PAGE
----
Shuttle XPC SN27P2 small form-factor PC
Build-your-own AMD Socket AM2 box
Review With the demise of Airfix, we blokes are left with few hobbies to pursue. Happily, we can still build our own PCs. If you want to work on the cheap you can use a beige tower, but should you fancy a modicum of style then there's no better starting point than a Shuttle barebone...
The Shuttle XPC SN27P2 is externally identical to the SD37P2, which we reviewed a little while back and measures the same 32.5 x 22 x 21cm, but internally the cooling system has been revised. Cooling in a small form-factor PC is no minor consideration, and that's especially true with the SN27P2, which uses a Shuttle FN27 motherboard with support for all Socket AM2 processors, including the Athlon 64 FX. In addition, you get four DDR 2 memory slots - for up to 8GB of RAM, ie. no more than 2GB per slot - and a proper PCI Express x16 slot that can accommodate a double-slot graphics card, provided you're prepared to sacrifice the adjacent PCI slot.
Shuttle provides a 400W power supply that includes a six-pin PCIe graphics connector so you've got all of the fundamentals that you need to build a full-on PC that just happens to fit into a small case. Getting inside the Shuttle to start your build is a breeze. Remove four thumb screws and the cover slides back and then lifts off, revealing the two hard-drive bays that live at the top of case. Each drive bay is secured to the top rails of the chassis with four screws and orients the drive across the case with one bay located behind the other.
It takes moments to remove the bay, install a drive and reinstall the drive bay. As the power and SATA cables are clipped into exactly the right position on the chassis rail it's a doddle to connect them up. These new drive bays are a relatively small change but they make a world of difference to the layout of the XPC. With the two hard drive bays removed you can pull out the combined optical and floppy drive bay, a process which effectively guts the case, laying all its secrets bare. We call it a floppy bay, but in the event that you choose not to install a floppy drive you could always fit a third hard drive which will suit fans of RAID 5.
At the back of the case you have the power supply which of course has a fan that draws air through the unit before it's expelled to the rear. Above the power supply there are dual 60mm fans that draw cooling air over the hard drive bays. Finally, we have Shuttle's own ICE cooling module on the processor. On one side of the cooler there's a 70mm fan and on the other you have a hinged 90mm unit that can be swung to one side in the event that you need to gain access to the fan headers on the motherboard. That's a great deal of cooling and while the fans are relatively quiet they nonetheless combine to produce a steady droning noise. Curiously, we found that the two ICE fans run at all times, even when the PC is shut down.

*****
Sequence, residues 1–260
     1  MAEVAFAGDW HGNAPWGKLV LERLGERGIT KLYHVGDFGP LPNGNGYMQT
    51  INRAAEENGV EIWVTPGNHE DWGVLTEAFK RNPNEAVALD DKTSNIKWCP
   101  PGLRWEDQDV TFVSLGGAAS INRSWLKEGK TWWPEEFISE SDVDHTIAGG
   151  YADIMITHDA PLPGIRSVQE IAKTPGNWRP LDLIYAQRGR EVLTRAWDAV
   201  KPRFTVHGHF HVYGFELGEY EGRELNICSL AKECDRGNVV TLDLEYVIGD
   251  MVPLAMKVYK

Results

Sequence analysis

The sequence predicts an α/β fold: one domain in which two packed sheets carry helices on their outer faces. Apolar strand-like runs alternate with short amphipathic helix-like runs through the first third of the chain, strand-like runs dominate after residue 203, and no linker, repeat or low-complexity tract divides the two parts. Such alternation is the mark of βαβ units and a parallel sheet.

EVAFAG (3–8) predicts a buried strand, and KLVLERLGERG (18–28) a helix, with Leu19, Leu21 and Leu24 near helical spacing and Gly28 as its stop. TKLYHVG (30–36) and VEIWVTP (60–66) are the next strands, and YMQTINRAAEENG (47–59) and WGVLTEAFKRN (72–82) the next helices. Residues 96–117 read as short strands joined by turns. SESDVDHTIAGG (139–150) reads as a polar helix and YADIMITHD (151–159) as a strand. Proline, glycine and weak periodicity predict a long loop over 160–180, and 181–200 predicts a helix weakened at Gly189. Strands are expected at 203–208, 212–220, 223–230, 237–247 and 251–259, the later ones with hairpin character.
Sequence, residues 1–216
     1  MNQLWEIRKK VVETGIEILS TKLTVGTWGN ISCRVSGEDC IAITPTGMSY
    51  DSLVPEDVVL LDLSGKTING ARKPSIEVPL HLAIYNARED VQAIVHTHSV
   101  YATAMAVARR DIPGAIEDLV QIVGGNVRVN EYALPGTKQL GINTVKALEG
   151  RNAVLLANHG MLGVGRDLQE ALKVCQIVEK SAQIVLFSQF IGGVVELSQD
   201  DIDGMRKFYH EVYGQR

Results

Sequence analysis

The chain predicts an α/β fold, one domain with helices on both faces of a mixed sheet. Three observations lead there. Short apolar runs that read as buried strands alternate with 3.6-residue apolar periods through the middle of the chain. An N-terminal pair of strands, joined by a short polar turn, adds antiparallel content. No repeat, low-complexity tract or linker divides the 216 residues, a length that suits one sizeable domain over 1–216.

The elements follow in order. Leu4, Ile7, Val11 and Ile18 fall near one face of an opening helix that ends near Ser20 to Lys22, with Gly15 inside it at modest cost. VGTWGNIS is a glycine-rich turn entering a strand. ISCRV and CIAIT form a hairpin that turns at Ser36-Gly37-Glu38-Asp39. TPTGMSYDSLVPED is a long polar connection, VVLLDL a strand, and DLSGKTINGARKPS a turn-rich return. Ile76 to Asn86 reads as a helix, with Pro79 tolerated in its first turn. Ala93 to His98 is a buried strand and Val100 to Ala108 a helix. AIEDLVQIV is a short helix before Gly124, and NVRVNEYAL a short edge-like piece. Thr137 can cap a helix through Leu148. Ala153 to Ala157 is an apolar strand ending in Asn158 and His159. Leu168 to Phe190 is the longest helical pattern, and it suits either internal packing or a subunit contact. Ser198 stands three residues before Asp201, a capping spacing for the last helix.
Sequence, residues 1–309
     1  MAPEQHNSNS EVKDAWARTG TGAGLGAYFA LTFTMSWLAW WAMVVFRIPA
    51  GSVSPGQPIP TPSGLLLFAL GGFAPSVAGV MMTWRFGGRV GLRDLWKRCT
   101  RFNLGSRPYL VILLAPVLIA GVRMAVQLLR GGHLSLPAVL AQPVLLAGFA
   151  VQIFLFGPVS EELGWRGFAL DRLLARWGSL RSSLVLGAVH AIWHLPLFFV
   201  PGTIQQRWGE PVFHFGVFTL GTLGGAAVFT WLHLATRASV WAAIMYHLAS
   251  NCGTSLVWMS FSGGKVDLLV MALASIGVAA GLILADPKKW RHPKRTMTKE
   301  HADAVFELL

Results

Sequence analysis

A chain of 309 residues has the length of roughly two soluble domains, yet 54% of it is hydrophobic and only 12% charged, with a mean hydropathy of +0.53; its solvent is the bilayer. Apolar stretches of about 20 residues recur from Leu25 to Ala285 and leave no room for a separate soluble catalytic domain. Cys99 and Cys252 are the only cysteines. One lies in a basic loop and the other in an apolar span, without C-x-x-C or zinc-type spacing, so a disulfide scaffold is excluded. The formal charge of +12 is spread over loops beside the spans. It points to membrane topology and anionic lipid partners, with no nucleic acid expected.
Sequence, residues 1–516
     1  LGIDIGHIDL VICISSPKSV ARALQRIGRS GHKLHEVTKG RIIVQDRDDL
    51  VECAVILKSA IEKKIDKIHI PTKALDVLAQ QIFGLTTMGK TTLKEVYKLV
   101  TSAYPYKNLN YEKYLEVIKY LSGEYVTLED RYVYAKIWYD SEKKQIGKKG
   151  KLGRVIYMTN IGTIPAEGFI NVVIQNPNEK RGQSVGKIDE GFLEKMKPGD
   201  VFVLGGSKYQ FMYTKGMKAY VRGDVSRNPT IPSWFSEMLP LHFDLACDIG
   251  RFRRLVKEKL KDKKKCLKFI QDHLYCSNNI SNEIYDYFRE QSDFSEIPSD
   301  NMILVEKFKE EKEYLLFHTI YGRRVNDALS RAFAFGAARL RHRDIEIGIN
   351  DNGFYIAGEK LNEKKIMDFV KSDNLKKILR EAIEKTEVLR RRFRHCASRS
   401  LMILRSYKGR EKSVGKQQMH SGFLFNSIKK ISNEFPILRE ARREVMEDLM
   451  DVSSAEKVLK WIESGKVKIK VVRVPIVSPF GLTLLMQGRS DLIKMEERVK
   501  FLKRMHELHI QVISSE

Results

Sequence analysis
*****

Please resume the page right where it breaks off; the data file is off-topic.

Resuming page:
During the construction of our test PC with an Athlon 64 5000+, 2GB of Kingston KHX6400 RAM and a Western Digital 250GB hard drive, the only snag that we hit was when we tried to install an Asus 7600GT Top Silent graphics card. This uses a bulky passive heatsink which fouled against the Shuttle casing. Switching to a regular Asus 7600GT, the PC went together smoothly and we got on with the installation of Windows.
a Shuttle SFF Computer, Don't Do It, it's Junk!
Even though this Shuttle barebone can hold 3 hard drives doesn't mean it will be stable. Expect that it will not be stable [overheat] and you'll have to call Shuttle Tech support who make $9 an hour, the same as a Starbucks worker. Shuttle Tech will tell you to use 2 drives at most and NO RAID! Configuring any Shuttle computer in RAID will VOID the warranty. Why? Because Shuttle knows it won't be stable in RAID and will crash.
To the poster refering to a CPU driver. What he/she meant is with some Shuttle's that support dual-core CPU's, users had to 1st install a single core CPU [hopefully you have one to use] and flash the BIOS before installing the dual-core CPU. Their SFF's are junk. Get the Mini Mac or an iMac, or a Dell or HP SFF.
Dual Core Driver?
"I was unimpressed by the rather basic Shuttle [Windows] driver CD as it doesn't ..... include the AMD dual-core CPU driver"
WTH?! You need a _driver_ for a _CPU_? How the Muddy Mildred does that work?
Another reason why I'm glad I use Linux.
Mac Mini? Get real
On what planet does Mac Mini beat this box?
Up to three hard-drives, vs. MM's one.
PCIx card for graphics vs. MM's one monitor output
Expandability vs. MM's - um - none.
Decent heatsink capabilities vs. MM's dual role as a toaster and/or space-heater.
Yes, the Mac Mini is 'convenient'. That doesn't mean it's good.
Mac Mini kills this box
Don't waste time and money. The Mac Mini is a better machine in terms of form factor, functionality, and value for money. No competition! Just buy the finished product and get on with life.